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Ward Churchill and Death of Academic Freedom (part I)

Ward Churchill and Death of Academic Freedom (part I)
Ward Churchill and Death of Academic Freedom (part I)

By David R. Hoffman

There is a popular adage that states: “Only two things are certain—death and taxes.”

Now there is a third: “It is certain that the constitutional rights of the individual will always be sacrificed to appease a governmental and/or economically powerful entity.”

In a recent Pravda.Ru article entitled “A tale of two academics”, I analyzed the diametrical situations faced by two tenured university professors: Ward Churchill and John Yoo.

Churchill was fired from his position at the University of Colorado (hereinafter CU) after writing a controversial essay shortly after the 9/11 attacks, comparing some of those killed in the World Trade Center to Nazi leader Adolf Eichmann.

To avoid the appearance that Churchill was terminated for exercising his first amendment right to freedom of speech, CU instead accused Churchill of engaging in plagiarism and other forms of “research misconduct.”

Yoo, by contrast, remains a tenured law professor at another university even though, while serving in the “Justice” Department during the dictatorship of George W. Bush, he authored controversial memoranda that endorsed the use of torture, extraordinary rendition, and the denial of due process of law, while also claiming that Bush, as president, had the authority to void the Constitution and Bill of Rights, deny Americans their fundamental freedoms, and detain them without charge or trial.

In “A tale of two academics”, I argued that even though Churchill’s actions seemed to cause more outrage in America than Yoo’s, there are three reasons why Yoo is more deserving of condemnation: 1). Yoo’s memoranda possessed the power to influence governmental policy. Churchill’s essay did not; 2). Churchill expressed his views openly, while Yoo hid behind a wall of government secrecy and bureaucracy; 3). Yoo was surreptitiously working to murder the Constitution and Bill of Rights, while Churchill was breathing life into them by exercising the very rights these documents were created to protect.

Shortly before I finished writing “A tale of two academics”, a Colorado jury concluded that Churchill had been fired from CU for expressing his political views, and not because of any alleged “research misconduct.” In San Francisco, around the same time, federal district court judge Jeffrey White ruled that Yoo could be sued by Jose Padilla, an American citizen who was victimized by Yoo’s policies of torture and detention without charge or trial.

Thus, for a brief time, it appeared that American justice was working. But, having witnessed throughout my legal career how fleeting this so-called “justice” really is, and how the American power structure tends to reward those who promote injustice while penalizing those who fight against it, I also wrote that “anyone familiar with American jurisprudence knows that such victories are fleeting in a legal system that labors harder to rationalize injustice than it does to produce justice.”

It appears my statement was prescient: Two significant developments are now underscoring the sociological ramifications of the Churchill/Yoo dichotomy.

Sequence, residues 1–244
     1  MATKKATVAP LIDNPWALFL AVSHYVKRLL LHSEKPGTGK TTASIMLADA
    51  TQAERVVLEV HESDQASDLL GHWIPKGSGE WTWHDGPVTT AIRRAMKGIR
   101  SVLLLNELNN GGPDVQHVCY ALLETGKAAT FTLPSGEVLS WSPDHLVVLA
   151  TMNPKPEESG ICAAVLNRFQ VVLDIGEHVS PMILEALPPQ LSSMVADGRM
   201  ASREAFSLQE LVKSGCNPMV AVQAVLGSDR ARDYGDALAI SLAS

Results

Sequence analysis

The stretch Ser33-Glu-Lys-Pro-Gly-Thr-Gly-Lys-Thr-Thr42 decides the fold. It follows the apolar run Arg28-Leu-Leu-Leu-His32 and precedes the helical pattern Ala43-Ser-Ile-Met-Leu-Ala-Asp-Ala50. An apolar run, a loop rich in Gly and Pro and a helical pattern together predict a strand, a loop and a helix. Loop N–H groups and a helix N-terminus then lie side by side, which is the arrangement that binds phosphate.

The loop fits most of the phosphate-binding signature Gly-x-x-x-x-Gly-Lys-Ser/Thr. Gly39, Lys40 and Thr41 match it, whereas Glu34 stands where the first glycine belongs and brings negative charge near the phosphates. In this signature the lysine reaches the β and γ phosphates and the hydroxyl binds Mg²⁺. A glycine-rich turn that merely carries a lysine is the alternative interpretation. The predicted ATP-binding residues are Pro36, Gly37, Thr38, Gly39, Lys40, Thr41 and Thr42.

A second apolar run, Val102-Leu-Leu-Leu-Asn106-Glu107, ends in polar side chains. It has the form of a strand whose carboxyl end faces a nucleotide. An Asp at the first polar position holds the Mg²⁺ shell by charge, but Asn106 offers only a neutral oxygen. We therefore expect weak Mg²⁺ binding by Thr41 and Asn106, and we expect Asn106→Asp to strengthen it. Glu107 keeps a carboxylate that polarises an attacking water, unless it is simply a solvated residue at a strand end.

First, the world of academia recently embraced another war criminal and torturer when Texas Tech hired Alberto Gonzales—attorney general of the United States under the Bush dictatorship—to teach political science.

This is the same Alberto Gonzales who allegedly used the “Patriot Act” to illegally spy on American citizens; who so zealously sought to continue this spying program that he attempted to dupe his predecessor, a hospitalized and disoriented John Ashcroft, into signing an extension order; who tried, while serving as attorney general, to present a public façade of “morality” while he privately endorsed the use of extraordinary rendition and torture; who answered “I do not recall” at least seventy times when testifying before Congress about the circumstances that led to the politically motivated firings of eight United States Attorneys; who was suspected of committing perjury when the Senate Judiciary Committee questioned him about the illegal spying program; and who resigned in disgrace in 2007.

I hope that others, besides myself, can appreciate the hypocrisy of Yoo and Gonzales teaching law and politics when the foundations of these subjects are the Constitution and Bill of Rights—the very documents they made every effort to destroy.

Second, despite the jury’s finding that Ward Churchill was wrongfully terminated from CU, Denver district court judge Larry J. Naves refused to reinstate Churchill to his professorship position or award him any financial compensation for lost wages.

In reality, such an outcome was predestined. Blaming American foreign policy for spawning acts of terrorism automatically made Churchill a pariah in the eyes of the legal system, just as Malcolm X’s “chickens coming home to roost” statement in the wake of the John F. Kennedy assassination made him an outcast during the early 1960s.

So, despite Judge White’s ruling in the Padilla case, it is a sure bet that Yoo will never have to pay Padilla a penny in damages, largely because of the same specious reasoning used to deny judicial relief to Churchill.

Not surprisingly, CU’s president Bruce Benson lauded Naves for “appropriately applying the law.” But what “law” did Naves actually apply? Obviously the only one that truly matters in the United States: the “law” decreeing that the rich and powerful must always work to protect the interests of the rich and powerful.

To be continued...

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